(Un)popular strangers and crises (un)bounded: Discourses of sex-trafficking, the European political community and the panicked state of the modern state

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Series Details Volume 9, Number 1, Pages 37-86
Publication Date March 2003
ISSN 1354-0661
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While the 'trafficking in persons' is a problem that has long plagued the international community, sensationalized media coverage and governmental anti-organized crime initiatives have produced a new set of discursive practices that conflate violent crime against women with complex forms of post-communist gendered migration. These discourses refer to many different forms of exploitation and migration as 'trafficking in women for purposes of sexual exploitation'. In other words, they portray all international, often illegal, migration and labour as acts of violated gender and raced innocence and of international organized crime.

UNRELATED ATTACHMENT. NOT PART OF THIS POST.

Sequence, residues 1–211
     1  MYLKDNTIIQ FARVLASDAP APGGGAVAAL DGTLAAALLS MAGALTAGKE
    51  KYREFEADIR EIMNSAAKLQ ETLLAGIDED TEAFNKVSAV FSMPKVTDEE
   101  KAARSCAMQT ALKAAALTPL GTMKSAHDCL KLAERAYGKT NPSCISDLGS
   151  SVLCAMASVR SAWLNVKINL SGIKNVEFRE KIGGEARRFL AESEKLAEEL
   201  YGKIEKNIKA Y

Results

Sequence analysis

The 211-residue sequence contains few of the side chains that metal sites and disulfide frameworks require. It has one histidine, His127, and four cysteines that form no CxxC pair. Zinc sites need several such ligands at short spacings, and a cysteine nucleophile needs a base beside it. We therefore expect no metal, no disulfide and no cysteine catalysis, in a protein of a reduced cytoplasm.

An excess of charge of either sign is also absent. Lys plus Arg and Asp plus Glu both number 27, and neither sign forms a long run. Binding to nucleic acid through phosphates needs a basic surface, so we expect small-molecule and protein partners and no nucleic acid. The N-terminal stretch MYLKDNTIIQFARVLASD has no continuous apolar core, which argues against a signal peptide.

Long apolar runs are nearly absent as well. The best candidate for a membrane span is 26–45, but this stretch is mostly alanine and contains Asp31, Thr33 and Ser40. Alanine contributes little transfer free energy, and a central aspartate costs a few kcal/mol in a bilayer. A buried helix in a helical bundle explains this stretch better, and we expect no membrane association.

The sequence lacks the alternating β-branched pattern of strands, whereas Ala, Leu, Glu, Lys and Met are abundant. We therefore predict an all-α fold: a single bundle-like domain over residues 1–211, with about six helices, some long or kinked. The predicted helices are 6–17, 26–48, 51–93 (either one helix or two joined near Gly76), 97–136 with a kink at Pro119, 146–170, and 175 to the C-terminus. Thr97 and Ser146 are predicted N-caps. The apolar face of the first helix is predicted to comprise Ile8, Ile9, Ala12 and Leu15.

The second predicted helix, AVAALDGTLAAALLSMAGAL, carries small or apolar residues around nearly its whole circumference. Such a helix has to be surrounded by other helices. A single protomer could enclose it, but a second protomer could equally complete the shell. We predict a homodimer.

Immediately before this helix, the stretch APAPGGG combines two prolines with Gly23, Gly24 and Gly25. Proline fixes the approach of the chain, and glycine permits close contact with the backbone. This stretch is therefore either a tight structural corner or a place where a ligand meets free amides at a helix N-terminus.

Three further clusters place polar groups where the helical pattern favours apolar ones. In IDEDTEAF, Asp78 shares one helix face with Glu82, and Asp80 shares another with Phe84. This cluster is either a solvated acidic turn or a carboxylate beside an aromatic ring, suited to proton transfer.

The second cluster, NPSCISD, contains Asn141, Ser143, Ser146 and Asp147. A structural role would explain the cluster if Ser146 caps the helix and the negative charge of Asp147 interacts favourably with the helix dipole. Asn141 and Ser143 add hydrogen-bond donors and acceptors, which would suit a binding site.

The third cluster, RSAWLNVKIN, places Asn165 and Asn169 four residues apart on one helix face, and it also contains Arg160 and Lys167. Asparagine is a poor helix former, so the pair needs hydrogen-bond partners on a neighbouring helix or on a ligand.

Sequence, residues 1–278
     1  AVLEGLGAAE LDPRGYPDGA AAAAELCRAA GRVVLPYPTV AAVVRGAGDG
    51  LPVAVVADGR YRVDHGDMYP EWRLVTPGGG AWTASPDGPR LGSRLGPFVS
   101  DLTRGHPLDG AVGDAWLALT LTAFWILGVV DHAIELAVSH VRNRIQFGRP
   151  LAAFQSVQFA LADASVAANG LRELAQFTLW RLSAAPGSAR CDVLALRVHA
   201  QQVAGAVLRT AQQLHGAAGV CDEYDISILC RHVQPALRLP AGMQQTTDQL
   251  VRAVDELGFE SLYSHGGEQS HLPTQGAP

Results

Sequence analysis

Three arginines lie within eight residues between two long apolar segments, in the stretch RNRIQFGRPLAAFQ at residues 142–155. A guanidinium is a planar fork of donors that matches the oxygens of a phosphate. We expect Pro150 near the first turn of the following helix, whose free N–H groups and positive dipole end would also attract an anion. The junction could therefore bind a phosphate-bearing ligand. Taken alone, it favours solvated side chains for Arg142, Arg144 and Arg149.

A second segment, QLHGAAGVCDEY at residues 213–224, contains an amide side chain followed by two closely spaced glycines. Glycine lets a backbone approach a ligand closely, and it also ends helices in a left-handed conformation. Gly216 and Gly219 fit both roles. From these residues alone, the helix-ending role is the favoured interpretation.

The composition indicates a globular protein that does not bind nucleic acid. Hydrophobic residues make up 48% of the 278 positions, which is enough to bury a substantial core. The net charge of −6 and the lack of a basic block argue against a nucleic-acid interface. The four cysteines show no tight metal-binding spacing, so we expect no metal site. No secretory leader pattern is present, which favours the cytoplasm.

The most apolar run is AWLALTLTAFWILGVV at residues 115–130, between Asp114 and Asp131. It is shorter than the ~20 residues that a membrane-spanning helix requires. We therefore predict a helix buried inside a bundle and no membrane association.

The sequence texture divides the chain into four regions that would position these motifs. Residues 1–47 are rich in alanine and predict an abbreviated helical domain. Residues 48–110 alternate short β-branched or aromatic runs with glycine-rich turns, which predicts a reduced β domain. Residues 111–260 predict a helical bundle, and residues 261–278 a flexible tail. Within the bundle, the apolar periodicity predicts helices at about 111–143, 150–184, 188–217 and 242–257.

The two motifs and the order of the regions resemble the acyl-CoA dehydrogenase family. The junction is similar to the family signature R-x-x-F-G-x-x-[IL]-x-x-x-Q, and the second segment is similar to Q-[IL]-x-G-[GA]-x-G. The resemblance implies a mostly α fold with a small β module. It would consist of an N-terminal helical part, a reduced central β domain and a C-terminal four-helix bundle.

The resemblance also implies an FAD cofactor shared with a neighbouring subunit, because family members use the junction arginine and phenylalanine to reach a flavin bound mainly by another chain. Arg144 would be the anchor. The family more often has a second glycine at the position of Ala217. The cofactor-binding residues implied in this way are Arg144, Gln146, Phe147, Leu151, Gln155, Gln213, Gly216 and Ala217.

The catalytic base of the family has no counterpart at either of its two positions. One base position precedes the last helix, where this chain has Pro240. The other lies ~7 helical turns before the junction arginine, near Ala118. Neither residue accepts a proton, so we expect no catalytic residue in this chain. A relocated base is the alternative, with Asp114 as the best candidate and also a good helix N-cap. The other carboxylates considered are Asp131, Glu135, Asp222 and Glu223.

In this frame, criminalization of all activities related to trafficking appears to be the most logical and effective means of redressing this problem. It simultaneously, however, subjects all East European migrant sex workers to categorizations that defuse what may function as the challenges presented by their sovereign and symbolic boundary transgressions. A focus on crime and violated borders (rather than on the conditions under which women migrate or are forced to work) extends barriers to migration and renders it more dangerous for women while not necessarily hindering movement or assisting the actual victims. Because it emphasizes the role of state-based institutions in fighting international organized crime, criminalization also serves as a means through which practices of `statecraft' work to reiterate the privileged place of the state in IR. As such, discourses of sex-trafficking provide a particularly incisive site at which to examine European integration, immigration, 'globalization' and their effects on IR in a gendered and race-cognizant frame.

Source Link https://doi.org/10.1177/1354066103009001157
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